Saturday, December 26, 2009

Countenance Three by Makoto Fujimura - Free Download

It is Christmas day in Chicago where I am so thankful to be spending time with family celebrating the birth of Jesus.

I want to wish the readers of Worship and the Arts a Blessed Christmas! I also want to let you know that Makoto Fujimura's painting "Countenance Three" is now available as a free-of-charge downloaded. I highly recommend Makoto and this lovely painting.

The note about this painting says that "Countenance captures the reflection of the Creator's gaze on His creation."

Download High Resolution Image of the painting HERE

Creative Commons License For photo of the painting "Countenance Three" by Makoto Fujimura

Makoto is a Japanese national who lives in NYC. He recently wrote a book with Tim Keller (pastor of Redeemer Church in NYC) called Refractions: A Journey of Faith, Art, and Culture

Wednesday, December 16, 2009

Outreach: Small is often Better Than Big

When over two hundred people showed up for the Christmas outreach we were understandably excited. The combined membership of our two new churches in Kyushu was about ten (including the missionaries) so this was a big event for us. We rented a nice room in a local mall, had decorations, music, a gospel message, and everyone received bags of homemade goodies prepared by the church ladies. It seemed to have been a great success.

However, there were problems: the church ladies complained that it had been too much work; there was disappointment that no one had gotten saved; the event cost more than we could afford; it wore us out. I tried to follow up on the new contacts we made but when I called a few of them they clearly did not like the intrusion.

Several years later we were on staff with a new church in Yokosuka. At this church we established a “Gospel Live House.” The concept is from mainstream “Live Houses” popular in Japan which are venues with live music, food and drinks.

We held our “Gospel Live House” four times a year. It was easy to create a relaxed atmosphere in our church by moving out most of the chairs, adding some tables, and providing simple homemade snacks and drinks. We had a live performance and charged 500 yen per person.

The quality and type of music varied a lot. One time we had smooth jazz by skilled musicians. Another time an awful rock band from a local college performed. We never had preaching on the program. Usually, one of the performers would share a short testimony and most, but not all, of the music had gospel themes.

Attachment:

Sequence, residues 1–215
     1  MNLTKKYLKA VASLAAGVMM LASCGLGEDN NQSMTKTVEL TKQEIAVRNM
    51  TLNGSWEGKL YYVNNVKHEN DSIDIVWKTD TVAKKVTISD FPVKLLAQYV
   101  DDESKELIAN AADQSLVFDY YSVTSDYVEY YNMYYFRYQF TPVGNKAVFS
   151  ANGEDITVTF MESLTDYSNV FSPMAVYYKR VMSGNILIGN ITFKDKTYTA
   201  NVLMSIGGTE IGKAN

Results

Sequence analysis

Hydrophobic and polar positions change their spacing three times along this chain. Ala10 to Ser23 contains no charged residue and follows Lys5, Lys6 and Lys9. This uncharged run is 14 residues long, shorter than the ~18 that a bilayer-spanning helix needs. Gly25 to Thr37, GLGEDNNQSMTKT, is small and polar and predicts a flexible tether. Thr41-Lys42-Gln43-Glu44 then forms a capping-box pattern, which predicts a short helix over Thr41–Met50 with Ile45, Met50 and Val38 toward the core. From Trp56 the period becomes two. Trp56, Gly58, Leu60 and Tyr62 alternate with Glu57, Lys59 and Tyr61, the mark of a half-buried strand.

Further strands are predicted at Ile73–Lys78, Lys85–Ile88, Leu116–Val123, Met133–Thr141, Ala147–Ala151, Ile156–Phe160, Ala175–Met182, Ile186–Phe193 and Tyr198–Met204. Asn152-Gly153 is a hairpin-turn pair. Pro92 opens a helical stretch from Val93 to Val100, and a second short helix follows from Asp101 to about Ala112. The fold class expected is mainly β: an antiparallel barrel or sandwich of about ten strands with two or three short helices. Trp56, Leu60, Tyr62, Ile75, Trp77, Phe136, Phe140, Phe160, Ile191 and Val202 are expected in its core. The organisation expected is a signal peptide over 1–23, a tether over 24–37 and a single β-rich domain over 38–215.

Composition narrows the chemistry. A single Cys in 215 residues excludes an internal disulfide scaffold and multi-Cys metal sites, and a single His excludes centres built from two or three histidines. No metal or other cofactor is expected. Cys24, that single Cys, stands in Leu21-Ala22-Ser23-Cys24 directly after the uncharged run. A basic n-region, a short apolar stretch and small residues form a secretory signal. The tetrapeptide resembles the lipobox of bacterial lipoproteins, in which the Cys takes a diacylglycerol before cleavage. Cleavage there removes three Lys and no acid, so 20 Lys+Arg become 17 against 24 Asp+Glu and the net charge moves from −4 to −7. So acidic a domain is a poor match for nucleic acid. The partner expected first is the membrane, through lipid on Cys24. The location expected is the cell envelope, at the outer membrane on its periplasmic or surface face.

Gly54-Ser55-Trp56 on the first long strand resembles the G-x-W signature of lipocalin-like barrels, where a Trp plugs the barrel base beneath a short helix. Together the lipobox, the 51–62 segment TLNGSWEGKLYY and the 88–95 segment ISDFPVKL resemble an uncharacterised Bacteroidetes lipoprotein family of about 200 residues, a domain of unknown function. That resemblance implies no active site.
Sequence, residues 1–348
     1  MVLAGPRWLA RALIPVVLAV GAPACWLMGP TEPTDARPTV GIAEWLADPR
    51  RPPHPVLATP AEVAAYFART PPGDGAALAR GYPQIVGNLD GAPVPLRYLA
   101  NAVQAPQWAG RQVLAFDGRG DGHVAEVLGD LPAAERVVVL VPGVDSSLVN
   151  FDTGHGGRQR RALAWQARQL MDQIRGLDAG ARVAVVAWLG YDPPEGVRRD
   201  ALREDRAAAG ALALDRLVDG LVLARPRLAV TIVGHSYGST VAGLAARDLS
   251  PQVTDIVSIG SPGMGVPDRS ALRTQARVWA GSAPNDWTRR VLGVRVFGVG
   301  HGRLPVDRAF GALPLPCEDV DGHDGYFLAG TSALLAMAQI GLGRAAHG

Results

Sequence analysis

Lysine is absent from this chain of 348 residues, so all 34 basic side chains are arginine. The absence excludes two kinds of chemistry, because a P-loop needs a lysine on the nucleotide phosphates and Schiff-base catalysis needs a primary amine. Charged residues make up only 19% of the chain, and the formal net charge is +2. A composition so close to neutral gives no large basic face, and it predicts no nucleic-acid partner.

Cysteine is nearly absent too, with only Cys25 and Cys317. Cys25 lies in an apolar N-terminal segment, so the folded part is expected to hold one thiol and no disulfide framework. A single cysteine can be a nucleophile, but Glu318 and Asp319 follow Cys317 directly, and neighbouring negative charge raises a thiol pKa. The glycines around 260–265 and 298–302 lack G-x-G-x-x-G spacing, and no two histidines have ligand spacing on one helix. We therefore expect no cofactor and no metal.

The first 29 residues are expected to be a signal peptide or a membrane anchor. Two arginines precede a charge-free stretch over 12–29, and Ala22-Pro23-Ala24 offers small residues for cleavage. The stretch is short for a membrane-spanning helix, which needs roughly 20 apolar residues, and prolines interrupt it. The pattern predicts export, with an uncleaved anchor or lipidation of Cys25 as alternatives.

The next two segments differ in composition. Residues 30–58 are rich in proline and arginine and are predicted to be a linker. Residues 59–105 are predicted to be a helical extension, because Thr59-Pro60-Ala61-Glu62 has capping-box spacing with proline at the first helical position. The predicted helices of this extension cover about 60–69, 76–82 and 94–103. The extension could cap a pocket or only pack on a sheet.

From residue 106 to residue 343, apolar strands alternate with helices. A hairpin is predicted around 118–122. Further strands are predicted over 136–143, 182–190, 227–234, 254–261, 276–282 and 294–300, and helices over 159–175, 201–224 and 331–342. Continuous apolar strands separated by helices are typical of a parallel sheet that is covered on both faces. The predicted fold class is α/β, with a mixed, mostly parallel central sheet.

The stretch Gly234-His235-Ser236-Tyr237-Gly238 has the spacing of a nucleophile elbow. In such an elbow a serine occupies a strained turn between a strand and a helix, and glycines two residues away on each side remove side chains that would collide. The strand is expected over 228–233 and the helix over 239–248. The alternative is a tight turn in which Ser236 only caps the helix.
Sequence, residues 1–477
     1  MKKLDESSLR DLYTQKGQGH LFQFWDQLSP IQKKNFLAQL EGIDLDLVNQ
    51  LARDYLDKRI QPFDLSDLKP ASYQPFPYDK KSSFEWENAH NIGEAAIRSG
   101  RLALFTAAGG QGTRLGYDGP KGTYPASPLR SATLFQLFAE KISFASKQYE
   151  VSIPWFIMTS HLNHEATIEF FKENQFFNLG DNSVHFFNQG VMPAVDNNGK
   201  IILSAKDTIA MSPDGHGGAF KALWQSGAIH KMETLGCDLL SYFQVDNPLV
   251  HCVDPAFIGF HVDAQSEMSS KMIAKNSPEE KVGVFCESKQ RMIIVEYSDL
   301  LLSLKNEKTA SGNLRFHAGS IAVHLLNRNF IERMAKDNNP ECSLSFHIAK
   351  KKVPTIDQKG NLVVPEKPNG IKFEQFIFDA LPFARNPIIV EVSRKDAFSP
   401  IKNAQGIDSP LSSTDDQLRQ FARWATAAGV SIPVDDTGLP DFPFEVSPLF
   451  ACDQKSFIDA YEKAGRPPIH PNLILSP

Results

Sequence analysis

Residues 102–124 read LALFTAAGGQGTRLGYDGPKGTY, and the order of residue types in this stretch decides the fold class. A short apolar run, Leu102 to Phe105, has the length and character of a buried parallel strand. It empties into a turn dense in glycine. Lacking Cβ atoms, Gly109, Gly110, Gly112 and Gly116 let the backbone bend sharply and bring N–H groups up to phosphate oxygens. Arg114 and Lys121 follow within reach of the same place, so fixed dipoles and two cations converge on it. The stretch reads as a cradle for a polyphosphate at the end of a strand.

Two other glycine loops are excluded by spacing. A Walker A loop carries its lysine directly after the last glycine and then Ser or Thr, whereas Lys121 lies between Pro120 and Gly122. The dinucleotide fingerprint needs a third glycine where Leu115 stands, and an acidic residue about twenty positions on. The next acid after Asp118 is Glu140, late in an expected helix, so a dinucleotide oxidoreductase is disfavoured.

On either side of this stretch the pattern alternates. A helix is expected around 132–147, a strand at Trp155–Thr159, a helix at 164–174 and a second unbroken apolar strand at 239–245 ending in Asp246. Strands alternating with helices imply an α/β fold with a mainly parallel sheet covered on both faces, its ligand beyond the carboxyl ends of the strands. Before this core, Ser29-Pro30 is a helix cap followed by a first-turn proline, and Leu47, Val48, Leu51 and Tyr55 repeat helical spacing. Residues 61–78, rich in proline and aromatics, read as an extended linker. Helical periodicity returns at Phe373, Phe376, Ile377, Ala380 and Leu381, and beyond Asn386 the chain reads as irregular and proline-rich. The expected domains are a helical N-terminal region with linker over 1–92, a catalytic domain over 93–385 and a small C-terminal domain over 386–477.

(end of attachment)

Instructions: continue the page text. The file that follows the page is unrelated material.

We had a lot of fun with our Gospel Live Houses and they were one of the reasons that we had a thriving church. This was effective outreach. Why did it work out so well?

Doable: The quarterly rhythm did not wear us out and gave us adequate time to prepare for the next one. We held it in the church and it did not require a big staff; the 500 yen per person cover charge paid most, if not all, expenses.

Consistent: People looked forward to the next Gospel Live House. They knew what to expect so they were able to relax and enjoy themselves.

Contextual: What we did and how we did it was appropriate for our church and for our community, it was a good “fit” for our situation. Almost any wholesome activity that a few people in your community are interested in can be a means of gathering people.

Relational: Rather than gathering a large crowd so we could preach at them (very few people like to be preached at and those that do are almost ALL in the church already) we tried to build relationships. The warm atmosphere made it possible to get to know individuals, to become friends and to let them know that we cared about them.

Enjoyable: Did I say it was a lot of fun? This was an important reason people kept coming back and why they brought their friends. We all enjoyed it.

Are big events bad? No, they have their place and can work well.

The good news is, small groups can effectively do outreach because intimate gatherings are often better for building relationships. The single most important factor is genuine love for people. If we don’t have that, we have nothing. And, how we do outreach is not nearly as important as caring, really caring about people which always involves sacrifice.